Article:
Complex Basic Strategy  CBS   Towhee, Only difference is a formative plumage in the first year.

Simple Alternate Strategy  SAS  One different plumage in the spring, the alternate plumage.  Two molts per year, have a complete fall molt, and a usually incomplete alternate molt in the spring.

Complex Alternate Strategy CAS  Have an additional molt out of juvenile into formative molt, i.e. preformative molt, in the first year, then two a year (3 in the first year)

Birds have one complete molt every year as a general rule, large birds maybe every 2 years.

Other molts are either limited, partial or imcomplete.

What triggers molt?  Length of day, temperature, and suppression of hormonal function activation triggers a molt.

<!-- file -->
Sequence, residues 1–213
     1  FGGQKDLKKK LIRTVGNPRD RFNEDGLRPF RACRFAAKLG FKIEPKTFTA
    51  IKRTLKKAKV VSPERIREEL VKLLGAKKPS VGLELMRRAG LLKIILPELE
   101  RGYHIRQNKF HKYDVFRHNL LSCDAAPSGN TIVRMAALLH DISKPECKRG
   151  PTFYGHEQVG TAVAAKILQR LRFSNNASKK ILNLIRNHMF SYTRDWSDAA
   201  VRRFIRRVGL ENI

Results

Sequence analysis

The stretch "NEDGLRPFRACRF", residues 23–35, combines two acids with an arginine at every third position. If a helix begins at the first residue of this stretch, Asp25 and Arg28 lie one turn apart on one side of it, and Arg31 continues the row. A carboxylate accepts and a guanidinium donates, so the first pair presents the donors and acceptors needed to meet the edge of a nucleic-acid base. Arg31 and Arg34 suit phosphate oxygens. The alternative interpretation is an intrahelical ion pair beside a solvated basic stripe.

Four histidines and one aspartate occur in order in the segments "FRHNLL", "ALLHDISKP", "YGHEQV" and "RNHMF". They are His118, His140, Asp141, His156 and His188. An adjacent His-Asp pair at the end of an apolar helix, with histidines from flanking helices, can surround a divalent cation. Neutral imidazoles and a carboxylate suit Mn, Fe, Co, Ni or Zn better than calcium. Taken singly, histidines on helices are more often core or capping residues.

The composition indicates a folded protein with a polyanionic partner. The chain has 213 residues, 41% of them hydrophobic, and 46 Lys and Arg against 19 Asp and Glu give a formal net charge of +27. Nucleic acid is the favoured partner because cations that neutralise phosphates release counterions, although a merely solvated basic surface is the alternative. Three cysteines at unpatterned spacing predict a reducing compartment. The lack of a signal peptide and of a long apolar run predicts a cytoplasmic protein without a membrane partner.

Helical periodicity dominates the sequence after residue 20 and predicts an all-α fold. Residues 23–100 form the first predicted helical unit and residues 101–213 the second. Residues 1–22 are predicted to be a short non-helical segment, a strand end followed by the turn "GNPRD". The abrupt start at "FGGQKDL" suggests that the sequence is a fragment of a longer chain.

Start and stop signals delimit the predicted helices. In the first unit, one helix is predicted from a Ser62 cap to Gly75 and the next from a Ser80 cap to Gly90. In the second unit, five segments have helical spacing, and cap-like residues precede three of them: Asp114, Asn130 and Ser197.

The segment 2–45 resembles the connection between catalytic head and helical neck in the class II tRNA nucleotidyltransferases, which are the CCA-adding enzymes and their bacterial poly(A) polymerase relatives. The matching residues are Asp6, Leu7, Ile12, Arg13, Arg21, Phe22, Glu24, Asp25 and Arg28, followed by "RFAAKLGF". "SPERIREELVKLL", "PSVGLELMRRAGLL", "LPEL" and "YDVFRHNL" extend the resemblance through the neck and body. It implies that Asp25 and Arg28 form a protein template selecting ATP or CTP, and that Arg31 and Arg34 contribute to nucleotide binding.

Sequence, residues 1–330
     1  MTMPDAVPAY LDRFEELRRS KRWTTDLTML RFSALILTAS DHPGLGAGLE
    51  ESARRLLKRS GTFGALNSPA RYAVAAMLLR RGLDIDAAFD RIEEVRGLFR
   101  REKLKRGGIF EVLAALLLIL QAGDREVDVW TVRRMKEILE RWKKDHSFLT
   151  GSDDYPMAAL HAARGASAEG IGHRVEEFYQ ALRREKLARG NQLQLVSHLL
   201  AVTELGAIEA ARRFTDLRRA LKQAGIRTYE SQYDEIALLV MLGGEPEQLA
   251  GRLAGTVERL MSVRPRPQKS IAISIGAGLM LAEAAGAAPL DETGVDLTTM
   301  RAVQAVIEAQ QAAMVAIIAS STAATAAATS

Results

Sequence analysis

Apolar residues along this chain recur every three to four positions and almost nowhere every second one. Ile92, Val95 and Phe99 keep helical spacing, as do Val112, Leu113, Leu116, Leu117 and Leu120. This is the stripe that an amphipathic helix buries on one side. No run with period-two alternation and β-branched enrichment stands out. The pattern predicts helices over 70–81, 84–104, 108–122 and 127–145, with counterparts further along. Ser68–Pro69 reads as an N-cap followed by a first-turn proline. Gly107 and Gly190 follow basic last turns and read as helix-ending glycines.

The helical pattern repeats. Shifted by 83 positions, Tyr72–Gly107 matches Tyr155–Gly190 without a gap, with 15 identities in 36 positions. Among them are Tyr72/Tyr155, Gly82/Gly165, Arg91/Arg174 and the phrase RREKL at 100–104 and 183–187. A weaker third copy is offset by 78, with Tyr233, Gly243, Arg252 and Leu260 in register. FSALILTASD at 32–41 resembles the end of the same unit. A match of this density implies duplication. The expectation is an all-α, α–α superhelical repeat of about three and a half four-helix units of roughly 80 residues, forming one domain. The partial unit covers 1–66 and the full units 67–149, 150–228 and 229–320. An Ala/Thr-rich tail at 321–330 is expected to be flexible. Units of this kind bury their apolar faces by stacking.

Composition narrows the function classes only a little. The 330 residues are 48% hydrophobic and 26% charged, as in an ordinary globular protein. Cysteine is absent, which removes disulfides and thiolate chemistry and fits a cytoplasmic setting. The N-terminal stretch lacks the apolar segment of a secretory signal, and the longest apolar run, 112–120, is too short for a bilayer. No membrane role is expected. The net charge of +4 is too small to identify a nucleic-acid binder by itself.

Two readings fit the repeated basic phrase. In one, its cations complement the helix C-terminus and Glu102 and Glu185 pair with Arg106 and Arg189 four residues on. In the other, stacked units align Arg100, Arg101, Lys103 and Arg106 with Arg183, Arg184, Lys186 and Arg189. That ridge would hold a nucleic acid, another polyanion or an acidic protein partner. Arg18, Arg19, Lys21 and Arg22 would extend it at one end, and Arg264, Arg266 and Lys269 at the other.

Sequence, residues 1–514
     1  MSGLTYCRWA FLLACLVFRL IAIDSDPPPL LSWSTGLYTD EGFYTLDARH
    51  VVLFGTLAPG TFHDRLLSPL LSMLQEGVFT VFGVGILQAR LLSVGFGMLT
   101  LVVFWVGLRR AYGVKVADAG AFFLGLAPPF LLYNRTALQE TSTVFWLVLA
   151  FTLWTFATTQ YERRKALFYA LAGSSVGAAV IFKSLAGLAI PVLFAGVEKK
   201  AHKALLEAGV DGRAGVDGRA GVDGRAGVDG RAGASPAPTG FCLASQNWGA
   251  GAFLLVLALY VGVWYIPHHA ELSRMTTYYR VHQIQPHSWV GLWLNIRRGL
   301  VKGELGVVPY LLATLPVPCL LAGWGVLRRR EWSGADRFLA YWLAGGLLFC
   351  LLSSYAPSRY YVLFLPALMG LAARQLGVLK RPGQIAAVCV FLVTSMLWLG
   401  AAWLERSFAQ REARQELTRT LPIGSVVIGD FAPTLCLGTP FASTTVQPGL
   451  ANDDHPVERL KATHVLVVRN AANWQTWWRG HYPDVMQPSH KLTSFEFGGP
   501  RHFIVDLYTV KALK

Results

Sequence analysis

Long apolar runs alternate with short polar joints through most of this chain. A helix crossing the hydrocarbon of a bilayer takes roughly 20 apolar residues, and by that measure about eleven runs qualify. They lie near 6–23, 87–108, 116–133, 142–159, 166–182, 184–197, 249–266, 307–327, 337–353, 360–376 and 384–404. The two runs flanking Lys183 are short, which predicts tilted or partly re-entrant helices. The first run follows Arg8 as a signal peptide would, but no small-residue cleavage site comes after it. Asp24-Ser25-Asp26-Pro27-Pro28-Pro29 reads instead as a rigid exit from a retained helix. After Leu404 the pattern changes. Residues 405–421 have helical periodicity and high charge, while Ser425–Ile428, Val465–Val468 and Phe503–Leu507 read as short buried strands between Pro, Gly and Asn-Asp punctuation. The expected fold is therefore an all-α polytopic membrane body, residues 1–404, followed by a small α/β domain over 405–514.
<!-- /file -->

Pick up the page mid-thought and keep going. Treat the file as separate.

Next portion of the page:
New feathers are in sheeths, and made out of keratin, i.e. pin feathers.

Plumage:  to describe the color of the birds we can use the term aspect.  So in Humphrey Parke we use phrases like adult plumage aspect APA,

Most birds hatched either naked (altrical) or downy (precocial)  The first true feathers are the juvenile feathers, i.e. the B1 feathers.  Most birds in the F1 plumage have an APA.  They retain a few juvenile feathers, so you can sometimes tell they are in formative plumage.

After the birds are adult you say that they have a definitive pre basic and definitive pre alternate molt.  DPB and DPA molt each year.